(municipality) since 1834 (and also briefly between 1790 and 1795). At the 1790 division (during the French Revolution
French Revolution
The French Revolution , sometimes distinguished as the 'Great French Revolution' , was a period of radical social and political upheaval in France and Europe. The absolute monarchy that had ruled France for centuries collapsed in three years...

) of France into communes, and again in 1834, Paris was a city only half its modern size, but, in 1860, it annexed bordering communes, some entirely, to create the new administrative map of twenty municipal arrondissements
Arrondissements of Paris
The city of Paris is divided into twenty arrondissements municipaux administrative districts, more simply referred to as arrondissements . These are not to be confused with departmental arrondissements, which subdivide the 101 French départements...

 the city still has today. These municipal subdivisions describe a clockwise spiral outward from its most central, the 1st arrondissement.

In 1790, Paris became the préfecture
Préfecture
A prefecture in France can refer to :*the Chef-lieu de département, the town in which the administration of a department is located;*the Chef-lieu de région, the town in which the administration of a region is located;...

 (seat) of the Seine département, which covered much of the Paris region. In 1968, it was split into four smaller ones: The city of Paris became a distinct département of its own, retaining the Seine's departmental number of 75 (originating from the Seine départements position in France's alphabetical list), while three new départements of Hauts-de-Seine
Hauts-de-Seine
Hauts-de-Seine is designated number 92 of the 101 départements in France. It is part of the Île-de-France region, and covers the western inner suburbs of Paris...

, Seine-Saint-Denis
Seine-Saint-Denis
- Culture :A number of hip hop artists come from the Seine-Saint-Denis, including one of the first major hip-hop groups in France, NTM, as well as Lord Kossity, or more recent acts such as Tandem or Sefyu.- Miscellaneous topics :...

 and Val-de-Marne
Val-de-Marne
Val-de-Marne is a French department, named after the Marne River, located in the Île-de-France region. The department is situated to the southeast of the city of Paris.- Geography :...

 were created and given the numbers 92, 93, and 94, respectively. The result of this division is that today Paris' limits as a département are exactly those of its limits as a commune, a situation unique in France.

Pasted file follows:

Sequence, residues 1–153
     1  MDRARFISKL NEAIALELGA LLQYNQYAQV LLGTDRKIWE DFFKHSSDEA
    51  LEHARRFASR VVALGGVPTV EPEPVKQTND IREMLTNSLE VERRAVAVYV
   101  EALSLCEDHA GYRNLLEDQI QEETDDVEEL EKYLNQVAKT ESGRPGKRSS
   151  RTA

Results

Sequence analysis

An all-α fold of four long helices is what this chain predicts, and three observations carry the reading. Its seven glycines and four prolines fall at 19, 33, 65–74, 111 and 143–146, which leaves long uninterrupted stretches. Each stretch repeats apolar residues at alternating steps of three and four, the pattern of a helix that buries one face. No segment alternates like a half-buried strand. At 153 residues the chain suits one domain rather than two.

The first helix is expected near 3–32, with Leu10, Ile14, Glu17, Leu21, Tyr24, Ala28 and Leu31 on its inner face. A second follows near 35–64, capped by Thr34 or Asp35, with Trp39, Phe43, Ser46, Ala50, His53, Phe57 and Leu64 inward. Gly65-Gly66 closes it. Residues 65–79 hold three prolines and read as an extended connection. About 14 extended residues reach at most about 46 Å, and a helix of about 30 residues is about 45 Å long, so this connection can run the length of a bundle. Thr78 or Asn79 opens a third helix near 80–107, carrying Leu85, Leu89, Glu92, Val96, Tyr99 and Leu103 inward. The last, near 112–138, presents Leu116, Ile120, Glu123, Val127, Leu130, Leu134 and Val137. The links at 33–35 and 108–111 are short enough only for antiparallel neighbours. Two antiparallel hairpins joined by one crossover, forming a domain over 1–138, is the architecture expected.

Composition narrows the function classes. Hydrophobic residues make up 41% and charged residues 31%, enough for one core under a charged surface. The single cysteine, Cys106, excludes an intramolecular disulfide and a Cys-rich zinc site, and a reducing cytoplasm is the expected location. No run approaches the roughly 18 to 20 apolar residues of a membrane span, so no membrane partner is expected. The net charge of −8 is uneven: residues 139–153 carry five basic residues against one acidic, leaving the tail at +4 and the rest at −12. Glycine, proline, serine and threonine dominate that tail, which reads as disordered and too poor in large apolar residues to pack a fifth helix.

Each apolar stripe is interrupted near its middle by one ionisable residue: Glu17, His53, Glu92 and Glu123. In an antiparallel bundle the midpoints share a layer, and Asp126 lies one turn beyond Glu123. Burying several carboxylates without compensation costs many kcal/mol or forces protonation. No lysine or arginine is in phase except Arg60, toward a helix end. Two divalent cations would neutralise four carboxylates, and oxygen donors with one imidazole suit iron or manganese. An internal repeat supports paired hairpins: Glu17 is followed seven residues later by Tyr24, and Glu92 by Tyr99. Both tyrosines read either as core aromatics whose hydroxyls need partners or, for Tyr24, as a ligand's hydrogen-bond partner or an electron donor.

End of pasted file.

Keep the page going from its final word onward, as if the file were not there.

Municipal offices


Each of Paris' twenty arrondissements has a directly elected council (conseil d'arrondissement), which, in turn, elects an arrondissement mayor. A selection of members from each arrondissement council form the Council of Paris
Council of Paris
The Council of Paris is the deliberative body responsible for the governing of Paris, the capital of France. It possesses simultaneously the powers of a Paris City Council and those of a General Council for the Département de Paris, as defined by the so-called PLM Law of 1982 that redefined the...

 (conseil de Paris), which, in turn, elects the mayor of Paris.

In medieval times, Paris was governed by a merchant-elected municipality whose head was the provost of the merchants. In addition to regulating city commerce, the provost of the merchants was responsible for some civic duties such as the guarding of city walls and the cleaning of city streets. The creation of the provost of Paris
Provost (civil)
A provost is the ceremonial head of many Scottish local authorities, and under the name prévôt was a governmental position of varying importance in Ancien Regime France.-History:...

 from the 13th century diminished the merchant Provost's responsibilities and powers considerably.
Composition of the Council of Paris
Party Seats
Socialist Party
Socialist Party (France)
The Socialist Party is a social-democratic political party in France and the largest party of the French centre-left. It is one of the two major contemporary political parties in France, along with the center-right Union for a Popular Movement...

72
Union for a Popular Movement
Union for a Popular Movement
The Union for a Popular Movement is a centre-right political party in France, and one of the two major contemporary political parties in the country along with the center-left Socialist Party...